Readers Write (May 9): Death penalty, abortion, public prayer, Vikings stadium, diversity and 'micro' aggression

  • Updated: May 8, 2014 - 7:29 PM

It’s possible to find a consistent ethic on human life.


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Against death penalty, abortion? Consistency

I was pleasantly surprised to see the two May 7 commentaries on the death penalty and abortion, respectively (“What’s being done in your name”). Both did an excellent job of explaining both the ineffectiveness and the injustice of these very pivotal issues. Add to that the very frightening escalation of violent crimes involving guns, and any reasonable person would have cause for alarm.

I once had the pleasure of working on a project with the late U.S. Rep. Jim Oberstar that covered several life issues. Some may express surprise that one with the liberal views he had could be so pro-life. The answer is simple: Abortion is not a liberal/conservative issue, but a human-rights issue. Oberstar was Consistent Life Ethic — just like me.

Kay Kemper, Crystal

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Mike Farrell, author of the May 7 commentary about the death penalty, seems to think that by executing a murderer, the state is also committing murder, but that is not true. There is a world of difference between depriving an innocent person of his life and punishing a murderer by taking his life.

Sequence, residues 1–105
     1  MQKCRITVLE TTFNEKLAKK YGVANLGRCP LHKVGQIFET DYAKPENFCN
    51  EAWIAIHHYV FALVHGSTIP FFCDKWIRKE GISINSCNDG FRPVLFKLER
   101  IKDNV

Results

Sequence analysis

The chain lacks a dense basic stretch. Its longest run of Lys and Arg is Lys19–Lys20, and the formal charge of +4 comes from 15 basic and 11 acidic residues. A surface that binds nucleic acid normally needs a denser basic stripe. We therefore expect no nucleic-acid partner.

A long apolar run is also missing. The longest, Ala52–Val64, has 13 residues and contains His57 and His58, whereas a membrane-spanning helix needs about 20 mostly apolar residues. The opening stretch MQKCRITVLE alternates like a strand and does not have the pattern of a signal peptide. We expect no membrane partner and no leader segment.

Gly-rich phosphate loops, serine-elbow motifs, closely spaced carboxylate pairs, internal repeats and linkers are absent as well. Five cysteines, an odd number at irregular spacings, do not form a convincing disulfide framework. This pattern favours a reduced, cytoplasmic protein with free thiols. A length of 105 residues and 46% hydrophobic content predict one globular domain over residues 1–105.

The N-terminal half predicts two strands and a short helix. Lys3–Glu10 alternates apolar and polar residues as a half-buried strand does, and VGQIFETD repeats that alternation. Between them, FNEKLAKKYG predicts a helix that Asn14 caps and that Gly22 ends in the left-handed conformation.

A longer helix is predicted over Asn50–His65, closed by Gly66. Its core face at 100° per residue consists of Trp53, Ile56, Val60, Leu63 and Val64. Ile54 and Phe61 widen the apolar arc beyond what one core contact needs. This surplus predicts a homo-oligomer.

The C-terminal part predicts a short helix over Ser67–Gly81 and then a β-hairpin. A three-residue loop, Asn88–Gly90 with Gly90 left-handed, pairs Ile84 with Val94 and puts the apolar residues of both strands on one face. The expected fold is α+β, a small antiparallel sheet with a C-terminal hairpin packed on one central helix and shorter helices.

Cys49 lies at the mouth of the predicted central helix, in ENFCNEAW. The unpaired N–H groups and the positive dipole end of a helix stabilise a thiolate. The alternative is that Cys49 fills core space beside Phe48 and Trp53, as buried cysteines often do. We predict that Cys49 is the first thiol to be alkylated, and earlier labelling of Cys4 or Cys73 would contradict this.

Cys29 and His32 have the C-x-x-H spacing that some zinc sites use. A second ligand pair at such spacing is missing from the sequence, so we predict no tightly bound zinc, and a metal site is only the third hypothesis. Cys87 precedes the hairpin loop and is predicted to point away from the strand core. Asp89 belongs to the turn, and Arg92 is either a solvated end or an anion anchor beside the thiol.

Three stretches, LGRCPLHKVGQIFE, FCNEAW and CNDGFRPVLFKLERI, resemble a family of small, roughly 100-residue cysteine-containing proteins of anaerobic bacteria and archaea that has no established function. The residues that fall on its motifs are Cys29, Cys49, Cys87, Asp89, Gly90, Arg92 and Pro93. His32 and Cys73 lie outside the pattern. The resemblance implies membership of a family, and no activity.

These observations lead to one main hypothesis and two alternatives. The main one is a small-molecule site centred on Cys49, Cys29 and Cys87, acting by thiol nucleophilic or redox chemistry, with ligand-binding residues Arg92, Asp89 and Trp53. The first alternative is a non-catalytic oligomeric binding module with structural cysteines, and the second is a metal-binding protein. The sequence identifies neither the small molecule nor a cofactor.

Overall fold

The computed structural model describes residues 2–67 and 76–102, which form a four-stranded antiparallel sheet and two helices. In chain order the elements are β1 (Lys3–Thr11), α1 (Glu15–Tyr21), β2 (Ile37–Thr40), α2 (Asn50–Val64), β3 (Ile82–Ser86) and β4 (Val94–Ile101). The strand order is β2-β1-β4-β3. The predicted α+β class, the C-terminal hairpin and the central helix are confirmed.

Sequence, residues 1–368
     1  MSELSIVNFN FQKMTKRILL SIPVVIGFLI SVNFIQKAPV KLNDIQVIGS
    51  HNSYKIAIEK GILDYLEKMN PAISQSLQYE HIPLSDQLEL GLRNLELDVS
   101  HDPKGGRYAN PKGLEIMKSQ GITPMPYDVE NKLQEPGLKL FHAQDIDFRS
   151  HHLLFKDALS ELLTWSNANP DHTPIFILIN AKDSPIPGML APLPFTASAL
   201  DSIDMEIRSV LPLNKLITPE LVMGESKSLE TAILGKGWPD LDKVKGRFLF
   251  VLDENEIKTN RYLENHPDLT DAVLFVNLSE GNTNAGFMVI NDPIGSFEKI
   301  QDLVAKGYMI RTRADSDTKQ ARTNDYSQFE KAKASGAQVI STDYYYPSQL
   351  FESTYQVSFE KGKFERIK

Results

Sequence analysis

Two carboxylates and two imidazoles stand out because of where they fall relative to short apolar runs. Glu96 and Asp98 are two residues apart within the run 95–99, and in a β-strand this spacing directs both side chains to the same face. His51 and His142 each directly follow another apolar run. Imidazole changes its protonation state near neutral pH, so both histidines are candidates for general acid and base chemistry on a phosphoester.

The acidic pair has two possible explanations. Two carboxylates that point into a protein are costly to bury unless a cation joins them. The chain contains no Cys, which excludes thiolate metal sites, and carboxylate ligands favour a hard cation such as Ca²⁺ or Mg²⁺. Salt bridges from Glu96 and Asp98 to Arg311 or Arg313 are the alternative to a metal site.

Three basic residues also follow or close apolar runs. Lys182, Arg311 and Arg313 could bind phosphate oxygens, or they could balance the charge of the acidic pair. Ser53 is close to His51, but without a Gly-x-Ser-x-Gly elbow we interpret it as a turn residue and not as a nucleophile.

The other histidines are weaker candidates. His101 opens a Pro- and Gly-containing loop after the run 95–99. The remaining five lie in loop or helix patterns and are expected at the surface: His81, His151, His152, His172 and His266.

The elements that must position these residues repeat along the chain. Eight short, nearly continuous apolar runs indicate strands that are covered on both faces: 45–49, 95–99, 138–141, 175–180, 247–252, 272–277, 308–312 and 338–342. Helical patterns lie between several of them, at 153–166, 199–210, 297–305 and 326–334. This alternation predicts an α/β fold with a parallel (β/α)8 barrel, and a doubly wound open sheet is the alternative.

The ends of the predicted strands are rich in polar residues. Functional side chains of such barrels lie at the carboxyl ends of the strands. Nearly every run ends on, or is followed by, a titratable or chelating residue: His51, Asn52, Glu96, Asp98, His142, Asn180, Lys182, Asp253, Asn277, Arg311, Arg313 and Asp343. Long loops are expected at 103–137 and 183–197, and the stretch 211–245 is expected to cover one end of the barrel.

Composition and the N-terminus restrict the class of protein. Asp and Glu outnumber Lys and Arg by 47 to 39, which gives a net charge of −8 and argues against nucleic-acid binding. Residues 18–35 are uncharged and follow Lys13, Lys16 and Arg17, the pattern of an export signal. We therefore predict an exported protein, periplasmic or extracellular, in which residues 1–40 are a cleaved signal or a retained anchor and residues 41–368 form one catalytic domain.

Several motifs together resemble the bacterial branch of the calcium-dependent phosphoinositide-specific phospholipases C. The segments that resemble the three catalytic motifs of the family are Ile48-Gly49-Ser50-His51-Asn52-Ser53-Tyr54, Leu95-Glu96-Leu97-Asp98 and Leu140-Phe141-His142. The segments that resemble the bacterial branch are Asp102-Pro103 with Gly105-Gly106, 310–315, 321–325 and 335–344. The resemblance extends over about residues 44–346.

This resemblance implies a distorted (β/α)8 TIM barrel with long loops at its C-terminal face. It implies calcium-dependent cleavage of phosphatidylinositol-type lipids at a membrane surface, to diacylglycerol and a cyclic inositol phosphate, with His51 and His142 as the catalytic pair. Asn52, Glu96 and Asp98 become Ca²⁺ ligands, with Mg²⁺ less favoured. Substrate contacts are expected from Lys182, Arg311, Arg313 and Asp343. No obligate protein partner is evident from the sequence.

There are some people for whom no other penalty makes sense. People who have committed heinous, premeditated murders and about whose guilt there is no doubt. One such person is Dzhokhar Tsarnaev, who killed four people and injured 264 at the Boston Marathon in 2013.

Timothy McVeigh was another person who deserved capital punishment. He killed 168 people and injured more than 600 in Oklahoma City in 1995. There was no doubt about his guilt.

In such egregious cases, capital punishment should be an option.

James Brandt, New Brighton



Prayers have no place in U.S. government

At more than 75 years of age, I didn’t think I’d see a day when the United States could go backward in time while going forward toward a theocracy (“Green light on prayer gets ‘amen’ from cities,” May 8). Without credible evidence of higher deities, we now have officials of all ranks claiming they need prayer for guidance. I’d question their capability to do their jobs in the first place. And I cannot see that this was a case worthy of Supreme Court consideration.

The Supreme Court has just moved us toward countries where supreme religious leaders are the rulers. This kind of mythological mentality doesn’t belong in this country, forefathers notwithstanding.

Richard Segers, Savage

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